|FRANCISCAN SISTER Maureen Dorr and Chef
Alfred Astl with patrons at the Trinity Café
The long hours of the restaurant world, however, began to burn him out, and ten years ago he saw an opening for a weekday lunch-chef position in Tampa, Florida and applied.
His new employer was Trinity Café, which serves 230 free hot lunches out of a Salvation Army facility every weekday, holidays included. “Anyone who comes to our door is welcome—without question or qualification,” the Café’s website says. “We serve free meals to homeless, poor, and anyone wishing to receive a meal.”
Besides a five-star chef in the kitchen, the restaurant has other amenities you might not expect in a place that offers free meals, like the cloth-covered tables set with china dishes and silverware Astl insists on. Volunteer waiters serve the patrons in courses, and every meal includes salad or soup, a healthy portion of protein, a starch, a vegetable, a dessert, and a piece of fruit, all for about $2 a serving. The café's $455,000 annual budget depends on donations and grants.
Astl and two part-time kitchen staff members cook 1,000 meals a week. Since it began, Trinity Café has served more than 717,000 meals.
”It could be very easy to say, OK, we’re feeding homeless people. Who cares?” Astl told Alexandra Zayas of the St. Petersburg Times. “If I ever say that, I’ll quit. . . . Some of these people have problems out there they can’t do anything about. By the time they leave, they’re in a whole different frame of mind.”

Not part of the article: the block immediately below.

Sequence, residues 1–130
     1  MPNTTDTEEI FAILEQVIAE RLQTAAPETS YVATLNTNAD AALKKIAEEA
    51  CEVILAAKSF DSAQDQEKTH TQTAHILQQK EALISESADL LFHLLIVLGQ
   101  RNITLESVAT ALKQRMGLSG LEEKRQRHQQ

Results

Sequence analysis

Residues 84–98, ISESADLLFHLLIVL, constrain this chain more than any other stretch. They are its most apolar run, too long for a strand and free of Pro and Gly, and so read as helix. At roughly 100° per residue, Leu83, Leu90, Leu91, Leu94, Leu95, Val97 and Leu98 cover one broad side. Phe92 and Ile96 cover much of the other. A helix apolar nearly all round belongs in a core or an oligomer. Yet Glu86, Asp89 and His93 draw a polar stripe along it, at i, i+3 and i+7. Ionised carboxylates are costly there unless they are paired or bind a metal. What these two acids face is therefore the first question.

At the about the same Chef Astl started at the Café, Franciscan Sister of Allegany Maureen Dorr stopped in to volunteer. She has never left.
For 40 years Sister Maureen worked in education as a teacher and administrator. At the Café she walks the food line and dining room, giving out hugs, advice, and prayers. She can be persuaded to take a turn dancing in the middle of the room. Once a week she visits the jail.
“Saint Francis [of Assisi] taught us about living out the gospel and serving the poor," she told The Tampa Tribune’s Michelle Bearden. "But truth is, I don't minister to them. I minister with them. I firmly believe there are such good people who have had bad opportunities. They show me the way to God as much as I try to show them."
Now 81, Dorr has no plans to stop. "Nuns don't retire," she said. "We just get recycled. As long as God gives you the health, you keep on moving."
Read more about the Franciscan Sisters of Allegany.